Why are Creating Paper Crafts Important for Kids?
If you put kids, paper, scissors, a couple of markers and some tape in a room what do you have? Pretty much this section of It’s All Kid’s Play! Because Kids + Paper = Fun!
But why should we let kids roam with paper and scissors (don’t run!), because crafting helps develop fine motor skills, creativity, problem solving skills, spatial awareness (ever tried making a fortune square without it?) as well as many other abilities and skills in a fun, risk free way. So grab some paper, scissors, markers and tape and give your kids a couple of these crafts, a little bit of freedom and see what they create!
These activities are just the beginning. There are more paper craft activities on the It’s All Kid’s Play blog as well as Pinterest. And sometimes I share activities on Twitter, too! Oh, and be sure to check out the book I wrote, too. It includes over 1,000 play activities so no matter where you are and what your interests or age, there is something in there for you–guaranteed! Check it out!
Materials needed to make a homemade paper fan: paper, stapler, and markers if you want to decorate the fan.
To make a paper fan, you will make a bunch of accordion folds. In other words, fold one edge up, flip it over, fold that fold up again, and on and on until you have sort of a w-shaped piece of paper. Only it’s a bunch of ‘w’s stuck together.
To start, fold one edge of the paper over about 3 cm (1 inch). Flip the whole paper over and fold the folded end up another 3 cm (1 inch), flip it over and repeat until you have no more paper to fold. Staple through one end of the fan’s folds to keep the folds together. Voila! You now have a homemade paper fan.
If you would like to make a fancier fan, you can decorate your fan by painting or colouring the paper before folding it, using fancy paper, or by cutting small pieces out of the folded fan–it’ll look delicate and dainty.
Fortune Square / Cootie Catcher
Materials needed: a square sheet of paper, pen or markers
Fortune Squares (also called Cootie Catchers) are a childhood classic and are very popular with young girls.
How to make a Fortune Square (Cootie Catcher): Fold the four corners of a square piece of paper into the centre of the piece of paper so the corners just touch each other but do not overlap. (Your paper will be a square shape again when you are done.) Turn the piece of paper over so your folded-in corners face down. Fold the new side’s four corners into the middle like you did on the other side. On this side, write down eight different numbers on the four folded-in triangles (there should be a fold down the middle of each triangle–write a number on each side of the fold). On the underside of these folds write eight different fortunes or sayings about people. For example: “You look nice today,” “You will marry a rich person,” “You will sail around the world,” “You will have eight children,” or my daughter’s favourite: “You will eat pancakes!”
Flip your fortune square over and write or colour four different colours on the flaps. Now put your pointer finger and thumb of each hand under each coloured flap and pinch the fortune square so the four corners of the square point up. This part is tricky–to do this you have to fold or bend the paper so all four corners up together while keeping your fingers and thumbs inside the flaps.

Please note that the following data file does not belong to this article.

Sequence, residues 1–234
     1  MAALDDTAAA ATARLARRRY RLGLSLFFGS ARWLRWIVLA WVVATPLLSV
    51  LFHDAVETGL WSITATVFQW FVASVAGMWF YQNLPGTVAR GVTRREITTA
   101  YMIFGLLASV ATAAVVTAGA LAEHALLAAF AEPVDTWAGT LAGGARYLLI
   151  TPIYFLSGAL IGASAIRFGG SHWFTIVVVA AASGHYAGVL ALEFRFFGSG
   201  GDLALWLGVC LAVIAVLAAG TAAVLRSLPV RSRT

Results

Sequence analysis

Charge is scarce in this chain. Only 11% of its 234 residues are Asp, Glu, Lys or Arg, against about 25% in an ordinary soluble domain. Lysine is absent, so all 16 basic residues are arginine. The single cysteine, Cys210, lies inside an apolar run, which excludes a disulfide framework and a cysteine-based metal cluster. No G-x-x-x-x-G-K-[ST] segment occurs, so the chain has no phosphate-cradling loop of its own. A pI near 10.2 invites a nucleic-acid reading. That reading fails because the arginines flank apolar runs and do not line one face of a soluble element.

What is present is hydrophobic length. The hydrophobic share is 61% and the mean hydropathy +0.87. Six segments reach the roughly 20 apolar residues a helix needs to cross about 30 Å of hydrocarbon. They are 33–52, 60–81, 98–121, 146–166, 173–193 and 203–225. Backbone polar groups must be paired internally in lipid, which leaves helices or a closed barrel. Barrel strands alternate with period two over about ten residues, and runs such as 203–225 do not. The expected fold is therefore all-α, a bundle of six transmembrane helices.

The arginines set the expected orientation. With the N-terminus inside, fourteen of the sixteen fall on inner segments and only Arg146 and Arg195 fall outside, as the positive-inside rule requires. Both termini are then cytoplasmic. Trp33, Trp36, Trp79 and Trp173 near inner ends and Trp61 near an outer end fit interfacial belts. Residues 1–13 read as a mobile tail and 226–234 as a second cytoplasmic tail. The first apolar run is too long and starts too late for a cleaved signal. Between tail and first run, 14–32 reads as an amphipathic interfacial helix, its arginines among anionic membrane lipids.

Find a friend and ask them to pick a colour. Spell out the colour as you move the flaps open forwards or sideways–alternating for each letter. When you have spelled out the colour, have them pick a number from the inside that the fortune square was open to when you were done spelling. Count out that number while opening and closing the flaps like before. Have them pick a number from inside and look underneath for their fortune!
Origami is best when done with special origami paper. (You can find whole instruction and paper kits in craft and book stores.) Also check out how to make the origami dog shown at the top of this page by following this link.
Make a Paper Hat
To make a paper hat, you will need: newspaper (or a really big sheet of plain paper) and tape.
Fold your paper in half, lengthwise. Have the open edges of the paper facing you. Then fold the top right corner down to the middle of the page (the folded piece will make a triangle shape). Repeat with the left side. You should now have a large triangle. Put a piece of tape across the two folded pieces to hold it together as a triangle. To make the brim of your hat, take the flap that falls down past the rest of the triangle. Fold one of the pieces of flap up 2-3 times and tape it to the main triangle of the hat. Repeat on the other side. You now have a gorgeous hat, darling!
Decorate it! Paint it, colour it, staple, tape, or glue things to it, add stickers, tape pictures to it, glue feathers, beads, or flowers. Make it dazzle! Or simply make it a black pirate hat! Arrrr, matey!
There are hundreds of ways to make a paper airplane. Experiment. What flies the best? Does making bigger wings help? What about bending the wings up a little bit? Is that better or worse?
Paper Stained Glass
Materials needed: tissue paper, black construction paper, glue, and scissors.
Your construction paper will be the window frame for your stained glass. Cut different shaped holes in your frame (the construction paper). Make sure you leave spaces of black paper at least 2cm wide between your window holes as this is where you will glue your tissue paper.